Space | 19. October 2010 | 1 Comment

Baptism of fire for the satellite formation

Last Thursday, the two German radar satellites of the TanDEM-X formation finally reached their operational orbit configuration, with only a few hundred metres separating them. In this configuration, they act as a unique radar interferometer in space. The next day, on Friday evening, the instruments were switched on, after many careful checks, to acquire the world's first Digital Elevation Model (DEM) data using a free-flying bistatic Synthetic Aperture Radar (SAR) satellite formation. That same night, the jointly acquired data were received and processed by our operational processing chain. read more

Space | 19. August 2010 | 1 Comment

Processing of first TanDEM-X data received at Inuvik

Erhard Diedrich, in charge of the building of the Inuvik satellite station, returned from Canada with his colleagues, a happy man. The inauguration on 10 August was not only moving, but also marked the end of a successful first checkout phase. Over 300 passes of data have been acquired since April this year, among them 60 from the TanDEM-X satellite. read more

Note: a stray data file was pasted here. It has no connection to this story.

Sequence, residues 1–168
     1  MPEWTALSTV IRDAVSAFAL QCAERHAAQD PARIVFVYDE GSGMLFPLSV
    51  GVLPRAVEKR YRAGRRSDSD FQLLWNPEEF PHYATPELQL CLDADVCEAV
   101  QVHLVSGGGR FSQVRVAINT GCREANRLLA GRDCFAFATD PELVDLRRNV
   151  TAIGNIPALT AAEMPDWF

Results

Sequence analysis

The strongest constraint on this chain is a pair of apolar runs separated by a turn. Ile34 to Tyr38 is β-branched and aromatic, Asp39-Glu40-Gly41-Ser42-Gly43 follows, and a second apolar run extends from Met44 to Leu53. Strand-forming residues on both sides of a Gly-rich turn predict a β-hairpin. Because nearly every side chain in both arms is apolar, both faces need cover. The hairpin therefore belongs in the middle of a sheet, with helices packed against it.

Space | 06. August 2010 | 1 Comment

TanDEM-X answers its first call for crisis assistance

Satellite data is an indispensable tool for quickly assessment of the situation in cases of natural or environmental disasters and for guiding emergency teams on ground. DLR's 'Center for Satellite Based Crisis Information' (Zentrum für satellitengestützte Kriseninformation; ZKI) and many other international organizations have been using the German radar satellite TerraSAR-X for three years to rapidly obtain reliable data in all weather conditions for such crisis situations. Now, our new satellite, TanDEM-X, has also provided assistance for the first time in a crisis – gathering information on the flood catastrophe in Pakistan. We were able to help not only with radar images but we also used TanDEM-X for interferometry in formation with TerraSAR-X for the first time. This has provided a more reliable technique to map floods instantaneously and more accurately, in one pass and without the need for archived data. read more

Space | 02. August 2010

TanDEM-X ground segment kicks off!

Höhendatensatz: Vulkan Longonot in Kenia